A medical health officer for Vancouver Coastal Health is advising the city not to go ahead with a proposed casino expansion.
In comments to city councillors at a second night of public hearings Tuesday (March 8), Dr. John Carsley said he had been asked to look at whether a major casino expansion would have an effect on problem gambling.
Carsley said the data on those potential impacts are contradictory, and don’t present a clear answer to the question.
“The literature and the state of the research just isn’t far enough advanced,” he said. “Even if it was settled it would be very difficult to quantify any increase or any potential health effect.”
But Carsley said the potential for an increase in problem gambling is a risk. He described the “devastating effects” that severe problem gambling can have, including family rupture, mental illness and attempted suicide.
“It is a risk should we go ahead, based on the literature,” he told council, noting that groups the most at risk of problem gambling include low-income residents, aboriginal people, the young and those with mental health and substance use problems.
“They would suffer disproportionately in any increase in problem gambling,” he said.
The health officer told reporters following the meeting that he’s advising council not to go ahead with the expansion to avoid the potential risk of an increase in problem gambling.
“Looking at the literature, there’s no way to say with certainty which it should be,” he said. “What do we do in public health when there’s uncertainty? Well we’ve been chided in the past for saying we’re not going to say anything until we have absolute evidence.”
“If there’s inconclusive evidence but there is evidence, then you make the prudent choice,” he added.
In a report to councillors, Carsley advised that, "faced with a potential hazard to health, I believe Council should be guided by caution."
"Research evidence is contradictory, but there exists the possibility of harm," he wrote. "Should the casino expansion proceed in the hope it will do no harm to our community's health, but later evidence shows the contrary, it will be very difficult to undo the damage."
In addition to recommending that council reject the proposal to expand Edgewater Casino, he also suggested in his report that the casino operator's contribution to the city's Social Responsibility Fund be increased in proportion to any increase in gambling revenue.
According to Carsley, B.C. spends the lowest proportion of gambling revenue and the lowest dollars per capita of any province on problem and responsible gambling, at $1.49 per adult in B.C. The average in Canada is over $3 per adult.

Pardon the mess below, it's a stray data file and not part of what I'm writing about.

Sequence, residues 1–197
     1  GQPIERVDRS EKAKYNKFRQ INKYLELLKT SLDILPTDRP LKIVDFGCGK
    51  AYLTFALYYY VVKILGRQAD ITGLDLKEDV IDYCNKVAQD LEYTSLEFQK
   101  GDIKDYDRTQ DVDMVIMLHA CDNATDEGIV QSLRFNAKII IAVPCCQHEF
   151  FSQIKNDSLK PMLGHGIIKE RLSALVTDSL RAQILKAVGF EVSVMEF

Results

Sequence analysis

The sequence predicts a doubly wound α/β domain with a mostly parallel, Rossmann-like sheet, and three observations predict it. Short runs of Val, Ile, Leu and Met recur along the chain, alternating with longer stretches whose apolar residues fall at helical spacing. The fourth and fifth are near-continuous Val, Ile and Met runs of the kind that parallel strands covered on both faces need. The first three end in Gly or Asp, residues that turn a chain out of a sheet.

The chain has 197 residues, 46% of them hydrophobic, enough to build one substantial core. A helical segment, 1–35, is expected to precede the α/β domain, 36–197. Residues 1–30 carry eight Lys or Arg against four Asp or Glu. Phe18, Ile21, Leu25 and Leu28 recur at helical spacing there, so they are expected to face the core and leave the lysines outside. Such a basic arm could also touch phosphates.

"The proportion of provincial gaming revenues targeted to problem and responsible gambling, the lowest in the country, is inadequate, as are funds identified for research into prevention," he wrote in his report.
Carsley called problem gambling a “prevalent disease” among the population. Council has heard that the prevalence rate of problem gambling among B.C. adults is 4.6 percent, with 1 percent of that comprised of severe problem gamblers.
“It’s a significant problem,” he told reporters.
The physician’s comments came at the end of a second public hearing Tuesday (March 8) evening into the mega-casino proposal.
If the plan is approved, Edgewater Casino would be moved from its current location at the Plaza of Nations to a site adjacent to B.C. Place as part of an 800,000-square-foot development, which would also include two hotels, restaurants and stores.
While several speakers earlier in the evening spoke in favour of the proposed Edgewater expansion and in support of jobs for casino workers, the majority of people addressing council Tuesday raised concerns about the plan.
Speakers included Patsy McMillan, co-chair of the False Creek Residents’ Association, who told council that more consultation should be conducted on the proposal.
“The issue of expanded gambling in Vancouver should be brought to the community of Vancouver as a whole,” she said. “Very little discussion has ensued regarding the tripling of gambling in downtown Vancouver, nor the issues that may or may not arise from the expansion.”
McMillan said the residents’ association had requested that Edgewater Casino operator Paragon Gaming meet with them to detail the plan, but no meeting was held with the group.
Councillors asked Carsley at the end of the meeting to return when the hearing resumes next Monday, March 14 to answer further questions.
An additional 150 speakers are still scheduled to address city council on the proposed development.
Tom Durrie, president of the Grandview-Woodland Area Council, speaks at the hearing.